Whether it's New Year's resolutions or any other milestone we want to achieve, most of us give up on that career goal, diet, mindfulness practice, or exercise regimen we committed to however long ago. All too often, our efforts fail, and we find ourselves unable to detach our backsides from the sofa and our hands from the chocolate.
There’s a scientific reason for this. You’ve basically got self-control fatigue. The good news, however, is that research also shows that keeping your resolution doesn’t have to be hard.
In a classic study by willpower psychologist Roy Baumeister, researchers baked chocolate chip cookies, filling their lab with a wonderful aroma. They then brought in research participants. Some participants were invited to eat the chocolate chip cookies and a bowl of chocolates laid out before them. Others were invited into the same delicious-smelling lab but told to eat the unappetizing radishes that were displayed right next to tempting cookies and chocolates.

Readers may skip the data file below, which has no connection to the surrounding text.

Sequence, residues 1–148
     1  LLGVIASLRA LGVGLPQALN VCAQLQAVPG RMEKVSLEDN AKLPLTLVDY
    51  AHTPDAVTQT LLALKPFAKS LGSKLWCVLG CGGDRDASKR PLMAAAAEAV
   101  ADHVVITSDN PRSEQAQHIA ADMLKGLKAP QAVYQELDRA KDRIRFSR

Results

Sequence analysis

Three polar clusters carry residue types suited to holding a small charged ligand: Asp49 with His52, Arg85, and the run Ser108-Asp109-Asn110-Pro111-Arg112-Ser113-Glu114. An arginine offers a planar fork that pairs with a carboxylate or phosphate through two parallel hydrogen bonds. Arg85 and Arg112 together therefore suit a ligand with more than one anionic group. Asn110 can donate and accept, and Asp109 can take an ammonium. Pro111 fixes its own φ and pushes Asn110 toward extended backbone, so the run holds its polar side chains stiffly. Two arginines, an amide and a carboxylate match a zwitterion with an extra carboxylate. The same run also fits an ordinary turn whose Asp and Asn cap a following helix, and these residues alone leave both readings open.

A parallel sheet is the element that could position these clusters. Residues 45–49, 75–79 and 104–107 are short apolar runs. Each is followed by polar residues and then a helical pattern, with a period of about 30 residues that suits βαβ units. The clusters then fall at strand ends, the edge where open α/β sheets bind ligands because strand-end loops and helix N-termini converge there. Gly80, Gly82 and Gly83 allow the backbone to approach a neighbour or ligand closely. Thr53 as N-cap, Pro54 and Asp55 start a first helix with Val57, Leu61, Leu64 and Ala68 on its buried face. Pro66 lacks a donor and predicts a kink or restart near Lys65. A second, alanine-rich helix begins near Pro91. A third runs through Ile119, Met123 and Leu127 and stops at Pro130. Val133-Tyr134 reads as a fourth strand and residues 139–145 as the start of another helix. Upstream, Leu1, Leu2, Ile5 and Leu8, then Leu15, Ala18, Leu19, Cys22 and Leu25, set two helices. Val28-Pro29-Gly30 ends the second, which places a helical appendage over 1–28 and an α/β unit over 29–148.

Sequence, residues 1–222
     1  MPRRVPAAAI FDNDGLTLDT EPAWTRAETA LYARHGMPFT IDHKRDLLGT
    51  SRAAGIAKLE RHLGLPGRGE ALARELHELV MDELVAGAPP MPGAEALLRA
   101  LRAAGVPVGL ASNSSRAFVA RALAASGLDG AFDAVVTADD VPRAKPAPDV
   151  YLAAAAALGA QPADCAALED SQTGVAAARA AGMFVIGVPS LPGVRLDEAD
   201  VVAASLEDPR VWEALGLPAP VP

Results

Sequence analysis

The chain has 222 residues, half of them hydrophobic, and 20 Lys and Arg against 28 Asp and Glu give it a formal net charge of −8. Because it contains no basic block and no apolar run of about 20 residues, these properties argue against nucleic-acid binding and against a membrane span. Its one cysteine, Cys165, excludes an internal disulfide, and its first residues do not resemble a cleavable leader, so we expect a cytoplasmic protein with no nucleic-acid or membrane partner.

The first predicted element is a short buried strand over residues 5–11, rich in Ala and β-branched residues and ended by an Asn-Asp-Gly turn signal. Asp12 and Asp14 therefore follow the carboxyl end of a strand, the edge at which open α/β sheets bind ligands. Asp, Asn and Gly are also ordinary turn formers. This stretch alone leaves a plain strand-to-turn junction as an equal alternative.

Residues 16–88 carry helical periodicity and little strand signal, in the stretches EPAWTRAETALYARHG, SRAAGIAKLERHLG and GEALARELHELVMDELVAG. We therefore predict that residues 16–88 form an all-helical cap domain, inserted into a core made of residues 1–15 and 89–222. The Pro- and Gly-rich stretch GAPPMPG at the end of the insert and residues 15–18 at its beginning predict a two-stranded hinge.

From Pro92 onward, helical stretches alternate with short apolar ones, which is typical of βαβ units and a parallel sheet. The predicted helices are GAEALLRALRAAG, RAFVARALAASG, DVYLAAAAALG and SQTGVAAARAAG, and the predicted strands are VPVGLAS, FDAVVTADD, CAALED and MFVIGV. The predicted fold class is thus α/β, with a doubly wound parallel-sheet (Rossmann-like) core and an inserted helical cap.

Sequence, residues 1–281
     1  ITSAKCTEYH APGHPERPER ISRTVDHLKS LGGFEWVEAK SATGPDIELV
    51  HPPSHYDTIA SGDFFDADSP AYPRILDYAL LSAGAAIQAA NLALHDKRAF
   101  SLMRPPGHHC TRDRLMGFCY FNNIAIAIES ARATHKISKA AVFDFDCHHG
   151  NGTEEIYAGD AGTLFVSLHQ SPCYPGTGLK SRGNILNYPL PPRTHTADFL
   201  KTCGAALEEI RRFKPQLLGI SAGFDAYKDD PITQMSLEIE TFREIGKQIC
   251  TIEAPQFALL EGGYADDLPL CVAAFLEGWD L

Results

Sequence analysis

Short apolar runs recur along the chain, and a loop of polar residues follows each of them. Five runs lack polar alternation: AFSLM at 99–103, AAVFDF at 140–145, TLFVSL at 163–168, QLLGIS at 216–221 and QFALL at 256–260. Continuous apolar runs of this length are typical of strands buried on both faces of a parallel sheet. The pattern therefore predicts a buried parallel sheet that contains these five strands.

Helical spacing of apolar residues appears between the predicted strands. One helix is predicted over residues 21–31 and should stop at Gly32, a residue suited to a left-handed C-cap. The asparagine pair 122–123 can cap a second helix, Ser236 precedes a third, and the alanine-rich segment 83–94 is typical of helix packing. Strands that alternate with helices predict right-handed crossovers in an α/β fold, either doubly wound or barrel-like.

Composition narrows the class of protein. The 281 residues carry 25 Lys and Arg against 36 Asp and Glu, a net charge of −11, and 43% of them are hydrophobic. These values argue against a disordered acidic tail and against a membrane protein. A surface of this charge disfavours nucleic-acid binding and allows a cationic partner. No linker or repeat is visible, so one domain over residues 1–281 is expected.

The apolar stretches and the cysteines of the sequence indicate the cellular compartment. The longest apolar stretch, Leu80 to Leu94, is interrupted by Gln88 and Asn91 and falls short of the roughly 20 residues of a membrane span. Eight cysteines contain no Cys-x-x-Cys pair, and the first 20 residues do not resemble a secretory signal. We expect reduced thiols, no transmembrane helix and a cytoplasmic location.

Then both groups were given an exercise: to work on a puzzle that was, unbeknownst to them, unsolvable. The researchers found that participants who had exerted self-control by eating radishes and avoiding the tempting cookies and chocolates gave up trying to solve the puzzle much more quickly than those who had eaten the chocolates (or a control group that had not been shown the chocolates or radishes).
Why is this? Self-control actually exhausts us, it’s a limited resource like gasoline or the charge on your cellphone. The more you use it, the less you have it. Researchers have found that it literally depletes your blood sugar. Ever wondered why you are more likely to binge on ice cream at night? Self-control literally gets depleted as the day goes on
After all, we are using self-control all day long at work.